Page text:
Wilpitz Jr., Louis Wayne
A Loving Tribute to Wayne Wilpitz from his Family
On November 29th, 1932, in Humble, Texas, at the family homeplace, Jewel Augusta and Louis Wayne Wilpitz Sr. welcomed their firstborn son, Louis Wayne Wilpitz Jr. into their family. Wayne’s early life was spent living with his family on the Tom O’Connor oil and gas lease and ranch, in Refugio County, Texas, where his father was the production superintendent for the Quintana Petroleum Company owned by the Cullen family. Wayne’s stories of growing up in Refugio are legendary and are memories his children and grandchildren will cherish for the rest of their lives. Nolan Ryan is not the only famous athlete from Refugio. Wayne was awarded the distinction of being the youngest letterman in varsity high school football in Texas at 13 years of age. When he was 15 years old, during a revival at the First Methodist Church, led by the evangelistic team of Bill Best and Larry Meredith from the SMU Perkins School of Theology, Wayne gave his heart to Jesus Christ. He was never the same. That decision would change the course of his life and eternity. He graduated from Refugio High School in May of 1949 at the age of 16. By fall of that year he was on his way to college at Sam Houston State. His love and passion for Jesus were evident from the fact that his dorm mates gave him the nickname, “preacher” because he was always talking to them about the Lord Jesus. After a year at Sam Houston State, a friend talked him into transferring with him to the University of Houston. Wayne wanted to earn a degree in radio and television and focus on becoming a meteorologist. However, the guidance counselor discouraged that and told him “the real money is in business”. Wayne graduated in 1954 with a Bachelor of Business Administration degree.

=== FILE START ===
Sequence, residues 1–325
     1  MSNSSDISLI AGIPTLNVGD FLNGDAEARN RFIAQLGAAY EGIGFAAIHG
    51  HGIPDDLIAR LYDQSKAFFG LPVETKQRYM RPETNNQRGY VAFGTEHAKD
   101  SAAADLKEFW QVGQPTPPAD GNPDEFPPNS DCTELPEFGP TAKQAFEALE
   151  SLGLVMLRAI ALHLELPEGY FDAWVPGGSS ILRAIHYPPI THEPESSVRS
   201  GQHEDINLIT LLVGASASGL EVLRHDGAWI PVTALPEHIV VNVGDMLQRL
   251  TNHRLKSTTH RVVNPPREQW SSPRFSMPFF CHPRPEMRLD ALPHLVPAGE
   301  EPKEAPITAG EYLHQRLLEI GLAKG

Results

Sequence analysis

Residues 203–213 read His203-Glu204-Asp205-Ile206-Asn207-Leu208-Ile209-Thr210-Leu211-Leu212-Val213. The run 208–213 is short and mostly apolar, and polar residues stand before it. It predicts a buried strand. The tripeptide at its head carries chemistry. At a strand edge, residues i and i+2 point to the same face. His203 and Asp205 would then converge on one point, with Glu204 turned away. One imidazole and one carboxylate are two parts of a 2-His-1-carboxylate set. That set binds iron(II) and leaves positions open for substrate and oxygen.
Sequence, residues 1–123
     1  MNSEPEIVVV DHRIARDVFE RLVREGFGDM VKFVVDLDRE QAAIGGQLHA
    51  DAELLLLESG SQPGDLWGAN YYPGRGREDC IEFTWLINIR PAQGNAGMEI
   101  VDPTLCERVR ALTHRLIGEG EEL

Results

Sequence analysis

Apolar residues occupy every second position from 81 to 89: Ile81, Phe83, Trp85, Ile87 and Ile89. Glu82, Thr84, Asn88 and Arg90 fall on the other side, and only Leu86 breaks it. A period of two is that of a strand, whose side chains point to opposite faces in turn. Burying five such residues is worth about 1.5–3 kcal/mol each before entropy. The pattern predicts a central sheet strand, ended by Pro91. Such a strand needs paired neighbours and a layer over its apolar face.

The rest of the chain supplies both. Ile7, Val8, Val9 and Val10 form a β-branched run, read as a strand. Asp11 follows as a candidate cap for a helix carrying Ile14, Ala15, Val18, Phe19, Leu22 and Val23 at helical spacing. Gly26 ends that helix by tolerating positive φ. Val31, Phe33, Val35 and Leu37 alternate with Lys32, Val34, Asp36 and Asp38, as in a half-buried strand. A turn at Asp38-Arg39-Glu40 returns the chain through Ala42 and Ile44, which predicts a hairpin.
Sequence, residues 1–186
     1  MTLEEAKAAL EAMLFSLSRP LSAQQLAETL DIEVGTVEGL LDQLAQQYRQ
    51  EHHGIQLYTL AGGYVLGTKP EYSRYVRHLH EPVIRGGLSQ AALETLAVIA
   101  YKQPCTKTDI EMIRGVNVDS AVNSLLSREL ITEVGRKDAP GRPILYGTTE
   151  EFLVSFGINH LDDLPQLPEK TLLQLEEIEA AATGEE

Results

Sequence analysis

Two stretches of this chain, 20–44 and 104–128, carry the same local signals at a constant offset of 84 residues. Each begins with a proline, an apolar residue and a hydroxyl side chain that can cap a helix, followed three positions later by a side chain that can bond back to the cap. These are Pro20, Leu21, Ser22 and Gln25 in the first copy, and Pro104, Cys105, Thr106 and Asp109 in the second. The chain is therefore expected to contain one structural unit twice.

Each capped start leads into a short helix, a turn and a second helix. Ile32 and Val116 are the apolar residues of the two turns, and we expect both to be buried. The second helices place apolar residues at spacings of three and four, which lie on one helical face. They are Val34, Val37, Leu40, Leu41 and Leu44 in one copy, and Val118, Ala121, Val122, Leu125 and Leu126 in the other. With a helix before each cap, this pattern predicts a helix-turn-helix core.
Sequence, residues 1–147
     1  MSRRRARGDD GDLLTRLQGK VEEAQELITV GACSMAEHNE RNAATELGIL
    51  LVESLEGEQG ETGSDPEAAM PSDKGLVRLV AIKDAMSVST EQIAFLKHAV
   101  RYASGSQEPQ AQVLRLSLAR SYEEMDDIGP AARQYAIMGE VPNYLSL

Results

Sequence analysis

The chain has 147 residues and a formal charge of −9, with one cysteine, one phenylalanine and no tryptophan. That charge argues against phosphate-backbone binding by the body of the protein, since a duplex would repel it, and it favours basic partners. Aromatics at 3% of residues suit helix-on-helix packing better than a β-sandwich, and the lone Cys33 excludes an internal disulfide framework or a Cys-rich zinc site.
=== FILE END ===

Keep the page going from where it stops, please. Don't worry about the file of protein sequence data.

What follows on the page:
Because he was “1-A” on the list to be drafted by the military, he couldn’t get a company to hire him. After graduation, for almost two years, he lived at home with his parents and worked for Quintana Petroleum. Each day was an emotional roller coaster waiting to hear whether or not he had been drafted. Wayne had a friend who badly wanted to be a naval aviator. One day he convinced Wayne to take him to the recruiting office. While there the recruiter talked Wayne into taking the test, which he passed, then the physical, which he passed and then showed him the advantages of entering officer candidate school versus being drafted in the army. After much hesitation, Wayne decided to join the Navy and begin Officer Candidate School in Newport, Rhode Island. After completing the demanding 13-week training program, Wayne earned a commission as an Ensign. His next duty station was Naval Air Station in Pensacola, Florida to enter the flight program to become a Naval Aviator. In Pensacola, Wayne completed flight training and was designated a Naval Aviator in 1956. Following flight training, Wayne was assigned to fly carrier-based jets including the A-3D Skywarrior which was the largest carrier-based jet at the time. Wayne left active duty in 1959 but continued to fly and serve in the Naval Reserves until 1986.